As young kids amaze us all by developing reading fluency (remember this blog?), they typically move toward greater and greater comprehension of what they read. That’s good: reading with comprehension is, after all, the point of learning to read fluently.
But not all kids have enough of what they need to get to reading comprehension. Some kids have strong phonics and word recognition skills, but still fail to comprehend. Others show solid, insightful comprehension when you read TO them, but fall down in comprehending what they read on their own.
What gives? This sounds complicated.
Actually, it’s helpful to focus on how simple it is. An important model for reading comprehension is one asserted by Gough & Tunmer (1986). Their model, the Simple View of Reading, is described by a simple formula:
This is “simple” because it only has two moving parts, the D and the LC. Just as a simple lever only has two parts, handle and fulcrum, the development of reading comprehension can be modeled as being, at its core, simple.
Decoding (D) is the ability to turn printed words into the right word sounds, more and more automatically. Phonics instruction aims toward increasing decoding proficiency.
Language Comprehension (LC) is the ability to understand spoken words in sentences. When we speak with easier words and less complex structures to very small kids, we are reaching toward their less proficient language comprehension.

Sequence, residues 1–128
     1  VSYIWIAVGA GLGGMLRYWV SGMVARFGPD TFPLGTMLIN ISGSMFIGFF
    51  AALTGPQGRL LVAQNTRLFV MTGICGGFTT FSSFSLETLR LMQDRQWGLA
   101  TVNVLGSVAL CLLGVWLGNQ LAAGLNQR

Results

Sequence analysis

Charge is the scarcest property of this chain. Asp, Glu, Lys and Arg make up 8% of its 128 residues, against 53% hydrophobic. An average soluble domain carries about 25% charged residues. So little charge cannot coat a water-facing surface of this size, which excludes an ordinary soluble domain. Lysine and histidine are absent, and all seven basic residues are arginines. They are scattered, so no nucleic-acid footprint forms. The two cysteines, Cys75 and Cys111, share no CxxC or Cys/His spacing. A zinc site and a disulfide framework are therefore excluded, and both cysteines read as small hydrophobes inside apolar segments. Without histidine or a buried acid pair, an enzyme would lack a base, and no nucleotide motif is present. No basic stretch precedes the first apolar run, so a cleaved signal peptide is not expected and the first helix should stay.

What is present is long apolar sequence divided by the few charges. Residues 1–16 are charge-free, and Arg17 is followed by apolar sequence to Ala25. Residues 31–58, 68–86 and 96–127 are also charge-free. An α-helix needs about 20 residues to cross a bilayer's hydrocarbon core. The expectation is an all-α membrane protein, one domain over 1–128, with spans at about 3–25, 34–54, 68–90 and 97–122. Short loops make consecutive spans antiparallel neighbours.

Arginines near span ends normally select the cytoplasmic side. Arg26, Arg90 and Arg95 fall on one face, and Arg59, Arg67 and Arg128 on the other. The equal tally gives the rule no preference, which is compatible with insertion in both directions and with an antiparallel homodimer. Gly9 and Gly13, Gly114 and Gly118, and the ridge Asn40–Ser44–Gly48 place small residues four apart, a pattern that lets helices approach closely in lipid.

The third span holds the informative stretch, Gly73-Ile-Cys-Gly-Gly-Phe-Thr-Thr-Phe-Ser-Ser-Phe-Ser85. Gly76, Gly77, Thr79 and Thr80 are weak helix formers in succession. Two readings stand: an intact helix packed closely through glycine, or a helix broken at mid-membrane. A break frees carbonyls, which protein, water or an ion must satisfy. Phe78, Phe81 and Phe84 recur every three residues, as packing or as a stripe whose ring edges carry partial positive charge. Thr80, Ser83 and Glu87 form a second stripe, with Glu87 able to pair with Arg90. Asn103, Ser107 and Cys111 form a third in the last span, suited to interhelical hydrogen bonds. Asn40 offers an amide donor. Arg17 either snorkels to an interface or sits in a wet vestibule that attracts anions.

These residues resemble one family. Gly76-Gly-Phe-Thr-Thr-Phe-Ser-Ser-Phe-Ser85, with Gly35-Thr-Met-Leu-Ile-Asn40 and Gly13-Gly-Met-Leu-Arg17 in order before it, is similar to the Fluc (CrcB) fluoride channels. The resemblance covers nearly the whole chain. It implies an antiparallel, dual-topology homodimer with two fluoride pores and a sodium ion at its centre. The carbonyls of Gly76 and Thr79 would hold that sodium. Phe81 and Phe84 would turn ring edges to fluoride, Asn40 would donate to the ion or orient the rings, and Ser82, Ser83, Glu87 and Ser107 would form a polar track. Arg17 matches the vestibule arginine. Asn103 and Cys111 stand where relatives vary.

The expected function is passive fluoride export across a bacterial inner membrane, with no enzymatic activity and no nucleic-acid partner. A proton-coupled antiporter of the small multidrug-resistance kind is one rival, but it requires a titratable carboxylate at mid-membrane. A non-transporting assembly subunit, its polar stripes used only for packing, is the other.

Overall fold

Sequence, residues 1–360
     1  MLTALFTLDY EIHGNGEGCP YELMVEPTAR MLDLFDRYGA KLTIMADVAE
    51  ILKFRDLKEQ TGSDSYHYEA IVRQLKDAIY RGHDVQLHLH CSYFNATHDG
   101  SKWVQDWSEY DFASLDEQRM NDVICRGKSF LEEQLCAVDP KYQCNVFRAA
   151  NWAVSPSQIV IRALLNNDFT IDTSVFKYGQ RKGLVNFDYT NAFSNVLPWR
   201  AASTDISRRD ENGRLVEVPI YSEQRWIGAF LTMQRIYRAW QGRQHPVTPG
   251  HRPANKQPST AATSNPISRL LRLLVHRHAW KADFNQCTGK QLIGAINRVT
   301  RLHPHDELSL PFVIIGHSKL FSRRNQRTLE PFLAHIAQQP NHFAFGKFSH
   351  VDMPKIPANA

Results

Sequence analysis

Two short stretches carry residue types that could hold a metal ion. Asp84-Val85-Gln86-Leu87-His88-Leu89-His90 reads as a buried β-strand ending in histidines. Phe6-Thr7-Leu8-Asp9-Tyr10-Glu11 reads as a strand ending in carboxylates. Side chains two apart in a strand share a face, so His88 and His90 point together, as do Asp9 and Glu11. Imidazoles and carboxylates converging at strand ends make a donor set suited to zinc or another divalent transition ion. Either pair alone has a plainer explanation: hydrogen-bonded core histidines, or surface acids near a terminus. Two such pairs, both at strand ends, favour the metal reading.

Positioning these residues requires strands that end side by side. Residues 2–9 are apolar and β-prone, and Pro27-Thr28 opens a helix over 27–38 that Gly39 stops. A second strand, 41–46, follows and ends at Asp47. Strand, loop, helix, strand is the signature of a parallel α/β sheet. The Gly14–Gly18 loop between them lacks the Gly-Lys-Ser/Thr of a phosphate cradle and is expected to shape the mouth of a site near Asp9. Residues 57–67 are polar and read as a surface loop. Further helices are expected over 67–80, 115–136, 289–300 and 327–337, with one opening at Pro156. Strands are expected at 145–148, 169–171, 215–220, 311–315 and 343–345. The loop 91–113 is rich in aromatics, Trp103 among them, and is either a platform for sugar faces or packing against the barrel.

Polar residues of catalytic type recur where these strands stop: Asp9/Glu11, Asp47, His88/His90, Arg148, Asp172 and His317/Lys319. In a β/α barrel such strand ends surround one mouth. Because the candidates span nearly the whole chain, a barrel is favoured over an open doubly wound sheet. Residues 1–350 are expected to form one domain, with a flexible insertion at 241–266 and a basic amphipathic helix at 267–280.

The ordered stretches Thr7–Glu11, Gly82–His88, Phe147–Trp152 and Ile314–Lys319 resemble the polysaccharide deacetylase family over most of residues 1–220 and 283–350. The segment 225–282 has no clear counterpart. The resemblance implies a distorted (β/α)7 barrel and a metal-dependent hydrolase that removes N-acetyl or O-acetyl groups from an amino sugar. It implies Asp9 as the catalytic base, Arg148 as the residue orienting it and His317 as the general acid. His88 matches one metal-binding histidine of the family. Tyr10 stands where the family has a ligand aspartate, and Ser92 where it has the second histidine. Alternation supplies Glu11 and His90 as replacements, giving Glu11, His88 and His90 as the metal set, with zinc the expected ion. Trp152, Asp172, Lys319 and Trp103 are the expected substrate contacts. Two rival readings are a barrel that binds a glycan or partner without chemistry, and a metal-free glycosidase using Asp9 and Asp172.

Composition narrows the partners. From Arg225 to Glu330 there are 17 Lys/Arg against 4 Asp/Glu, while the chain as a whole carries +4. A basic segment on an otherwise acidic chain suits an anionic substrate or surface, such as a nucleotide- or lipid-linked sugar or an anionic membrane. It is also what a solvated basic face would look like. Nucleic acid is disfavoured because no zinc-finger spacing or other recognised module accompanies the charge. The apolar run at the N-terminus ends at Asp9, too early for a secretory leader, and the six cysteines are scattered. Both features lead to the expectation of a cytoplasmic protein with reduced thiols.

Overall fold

In this model, D and LC are multiplied together, not added. That’s important because it means this: when one is weak, you can’t just compensate with a heavier dose of the other.
You can think of each of the factors as working like a percentage, ranging from 0 (no proficiency at all) to 1 (100%, perfect proficiency). Imagine that Decoding is at full power, and Language Comprehension is only at half power. That’s 1 times 0.5, which gives us a pretty poor value for Reading Comprehension. Even a student who can read every single word accurately can have poor comprehension. The product, Reading Comprehension, will be at or below the level of the lower factor.
That’s important: whichever of the two proficiencies is weakest, that is the one that most limits Reading Comprehension. How are we doing at finding and targeting the weak factor, student by student?
In the U.S., we have often done a poor job of adequately supporting both D and LC. In too many schools, we have tested and watched for progress in Decoding skills alone. We have often gone so far as to assume that every student with low Reading Comprehension must need help developing their Decoding. But as Valencia and Buly (2004) have so clearly shown, struggling readers’ needs vary. Some “automatic word callers,” kids who are able to read with accuracy and even solid rate, still lack the language comprehension needed to get good at reading comprehension. (In future blogs, we’ll unpack “language comprehension” a bit, to point toward the kinds of skills that can be assessed and explicitly supported in instruction.)
So: what a relief to know that Reading Comprehension is simple, am I right? The key here is to remember that simple does not mean easy. Just having a simple lever doesn’t mean you can lift an elephant later this afternoon, easy peasy.
But with well-considered preparation – think instructional savvy and individualization—we can apply our exertion to better points of leverage. While simple is not easy, keeping the Simple View of Reading in mind might help us optimize for that all-important product, Reading Comprehension.